Content Pruning - Did You See an Increase in SERP Visibility?

Ryuzaki

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So I'm going to write up a big post for my case study about why I'm talking about this later (look for that if you care), but the basic question is:

Have you tried content pruning?

Obviously I want to know about results too. I just read about 10 blog posts about it, with this one from CognitiveSEO being the most worthwhile. It has a lot of case studies in it, but you know how those go. Who knows how much of that is fluffed up or properly isolated.

But they're promising. If you are to take it all at face value, people are seeing results within a month of the pruning.

Some of them:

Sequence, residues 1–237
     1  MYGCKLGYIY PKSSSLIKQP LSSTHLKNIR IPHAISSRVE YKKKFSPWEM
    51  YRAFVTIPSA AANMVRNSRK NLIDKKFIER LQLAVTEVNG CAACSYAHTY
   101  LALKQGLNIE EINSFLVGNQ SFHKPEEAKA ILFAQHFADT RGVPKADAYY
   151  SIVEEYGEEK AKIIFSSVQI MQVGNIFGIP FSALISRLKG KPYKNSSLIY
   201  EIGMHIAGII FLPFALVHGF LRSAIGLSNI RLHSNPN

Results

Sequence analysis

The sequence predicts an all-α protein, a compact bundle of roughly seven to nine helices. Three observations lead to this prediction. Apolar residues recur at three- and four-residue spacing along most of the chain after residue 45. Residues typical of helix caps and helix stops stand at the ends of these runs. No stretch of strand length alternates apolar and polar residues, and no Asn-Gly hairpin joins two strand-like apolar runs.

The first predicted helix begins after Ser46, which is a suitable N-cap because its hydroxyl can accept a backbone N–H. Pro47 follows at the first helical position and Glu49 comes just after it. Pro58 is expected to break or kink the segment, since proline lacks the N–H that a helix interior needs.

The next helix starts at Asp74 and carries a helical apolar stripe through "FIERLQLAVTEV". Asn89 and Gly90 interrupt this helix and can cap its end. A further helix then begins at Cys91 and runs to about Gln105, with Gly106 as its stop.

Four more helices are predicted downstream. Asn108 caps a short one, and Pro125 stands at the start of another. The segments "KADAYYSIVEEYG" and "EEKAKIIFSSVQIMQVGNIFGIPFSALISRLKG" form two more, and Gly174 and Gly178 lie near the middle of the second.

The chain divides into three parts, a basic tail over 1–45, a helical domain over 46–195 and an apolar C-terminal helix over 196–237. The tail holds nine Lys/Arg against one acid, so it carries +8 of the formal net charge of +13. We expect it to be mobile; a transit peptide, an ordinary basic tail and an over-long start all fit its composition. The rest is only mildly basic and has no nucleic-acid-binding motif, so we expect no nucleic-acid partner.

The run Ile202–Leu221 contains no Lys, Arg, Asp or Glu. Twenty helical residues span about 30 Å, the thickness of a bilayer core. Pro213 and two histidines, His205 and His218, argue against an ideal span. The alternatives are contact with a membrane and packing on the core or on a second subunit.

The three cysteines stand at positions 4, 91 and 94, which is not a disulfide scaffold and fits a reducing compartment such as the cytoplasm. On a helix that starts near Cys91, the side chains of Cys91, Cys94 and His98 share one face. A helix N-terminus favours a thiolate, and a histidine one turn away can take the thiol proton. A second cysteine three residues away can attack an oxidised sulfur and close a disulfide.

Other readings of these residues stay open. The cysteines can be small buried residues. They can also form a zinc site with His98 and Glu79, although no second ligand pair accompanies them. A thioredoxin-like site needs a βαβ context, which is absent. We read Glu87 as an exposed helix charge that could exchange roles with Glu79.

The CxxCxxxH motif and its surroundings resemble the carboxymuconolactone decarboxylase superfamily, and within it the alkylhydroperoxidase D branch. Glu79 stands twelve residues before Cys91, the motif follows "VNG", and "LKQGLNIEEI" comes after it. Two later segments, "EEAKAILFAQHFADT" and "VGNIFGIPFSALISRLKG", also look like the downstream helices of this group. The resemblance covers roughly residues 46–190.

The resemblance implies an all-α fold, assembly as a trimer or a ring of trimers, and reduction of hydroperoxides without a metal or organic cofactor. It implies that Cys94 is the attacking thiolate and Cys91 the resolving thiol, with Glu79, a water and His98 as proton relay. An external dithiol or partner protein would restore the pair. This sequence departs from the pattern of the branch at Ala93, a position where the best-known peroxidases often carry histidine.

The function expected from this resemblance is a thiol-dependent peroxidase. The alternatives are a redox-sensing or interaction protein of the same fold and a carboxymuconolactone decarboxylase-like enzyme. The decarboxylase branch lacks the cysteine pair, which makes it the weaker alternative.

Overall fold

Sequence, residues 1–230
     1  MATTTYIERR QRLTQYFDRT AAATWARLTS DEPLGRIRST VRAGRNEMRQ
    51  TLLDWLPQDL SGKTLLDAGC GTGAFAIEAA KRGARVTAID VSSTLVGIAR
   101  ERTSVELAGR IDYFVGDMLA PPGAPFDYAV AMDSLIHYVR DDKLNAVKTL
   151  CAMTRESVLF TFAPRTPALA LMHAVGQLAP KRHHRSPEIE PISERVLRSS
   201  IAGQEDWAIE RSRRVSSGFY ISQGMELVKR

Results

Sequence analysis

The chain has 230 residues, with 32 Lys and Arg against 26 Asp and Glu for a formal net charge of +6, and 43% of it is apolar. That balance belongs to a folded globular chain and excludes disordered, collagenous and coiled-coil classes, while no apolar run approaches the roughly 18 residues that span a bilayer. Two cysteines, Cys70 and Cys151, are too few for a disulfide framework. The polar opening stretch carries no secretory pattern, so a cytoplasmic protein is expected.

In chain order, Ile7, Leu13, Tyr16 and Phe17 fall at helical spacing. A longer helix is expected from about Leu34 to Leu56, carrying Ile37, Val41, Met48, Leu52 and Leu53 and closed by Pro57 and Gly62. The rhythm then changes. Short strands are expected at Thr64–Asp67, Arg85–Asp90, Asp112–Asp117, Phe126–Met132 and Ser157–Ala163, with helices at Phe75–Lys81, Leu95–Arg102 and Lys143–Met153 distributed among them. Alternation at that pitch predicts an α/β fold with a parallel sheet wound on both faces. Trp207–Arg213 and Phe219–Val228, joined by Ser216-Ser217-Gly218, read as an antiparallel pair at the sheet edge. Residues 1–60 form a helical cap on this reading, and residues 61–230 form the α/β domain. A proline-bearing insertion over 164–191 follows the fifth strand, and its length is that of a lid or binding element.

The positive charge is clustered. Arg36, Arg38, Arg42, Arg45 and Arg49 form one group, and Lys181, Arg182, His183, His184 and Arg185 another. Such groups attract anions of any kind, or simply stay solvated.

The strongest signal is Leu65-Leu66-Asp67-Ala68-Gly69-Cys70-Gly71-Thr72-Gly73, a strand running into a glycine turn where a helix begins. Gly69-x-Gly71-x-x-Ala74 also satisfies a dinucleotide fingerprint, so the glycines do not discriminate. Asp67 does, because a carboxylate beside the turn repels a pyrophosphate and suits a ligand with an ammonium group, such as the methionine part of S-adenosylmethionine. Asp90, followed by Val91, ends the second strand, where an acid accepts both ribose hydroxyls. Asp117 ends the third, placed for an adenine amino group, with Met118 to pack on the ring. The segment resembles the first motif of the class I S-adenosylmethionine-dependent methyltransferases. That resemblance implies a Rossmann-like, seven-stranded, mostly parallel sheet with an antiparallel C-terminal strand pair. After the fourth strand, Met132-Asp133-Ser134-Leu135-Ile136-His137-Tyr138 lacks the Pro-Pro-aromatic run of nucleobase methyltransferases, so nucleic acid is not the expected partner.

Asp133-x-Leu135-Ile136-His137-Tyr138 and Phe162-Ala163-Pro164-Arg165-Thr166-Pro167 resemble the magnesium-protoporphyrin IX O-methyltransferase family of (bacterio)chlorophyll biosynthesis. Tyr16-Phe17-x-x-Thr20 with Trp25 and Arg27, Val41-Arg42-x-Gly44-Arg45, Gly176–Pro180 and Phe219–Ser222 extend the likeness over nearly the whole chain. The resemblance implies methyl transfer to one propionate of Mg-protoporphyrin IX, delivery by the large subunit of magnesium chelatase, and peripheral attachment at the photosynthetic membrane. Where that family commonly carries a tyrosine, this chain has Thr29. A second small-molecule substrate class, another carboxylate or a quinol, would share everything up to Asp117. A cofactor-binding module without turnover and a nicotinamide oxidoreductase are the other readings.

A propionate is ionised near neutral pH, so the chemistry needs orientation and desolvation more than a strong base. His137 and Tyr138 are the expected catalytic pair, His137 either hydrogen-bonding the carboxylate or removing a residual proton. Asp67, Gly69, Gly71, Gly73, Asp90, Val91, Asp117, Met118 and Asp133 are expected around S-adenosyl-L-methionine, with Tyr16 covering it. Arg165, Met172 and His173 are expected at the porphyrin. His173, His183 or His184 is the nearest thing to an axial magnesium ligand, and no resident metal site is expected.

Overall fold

• Flat out deleted posts
  • 301'd them around
  • No-index'd the pages but left them on the site and sitemap
  • Improved a handful, deleted others
They range from people cutting their sites from 2000+ posts down to ~70 posts. Some involved cutting 10,000 pages out of the index (eCommerce sites). And some were chopping a site from 100 posts to 50 posts.

What is Content Pruning?

Content pruning is the act of finding low quality pages, whether that be zero serp visibility or traffic, low word count, low value to users, outdated content that won't become relevant, and anything else that can bloat the index like accidental media file pages or search results.

So what's the point of this? I see it having several reasons, some being fact and others being theory: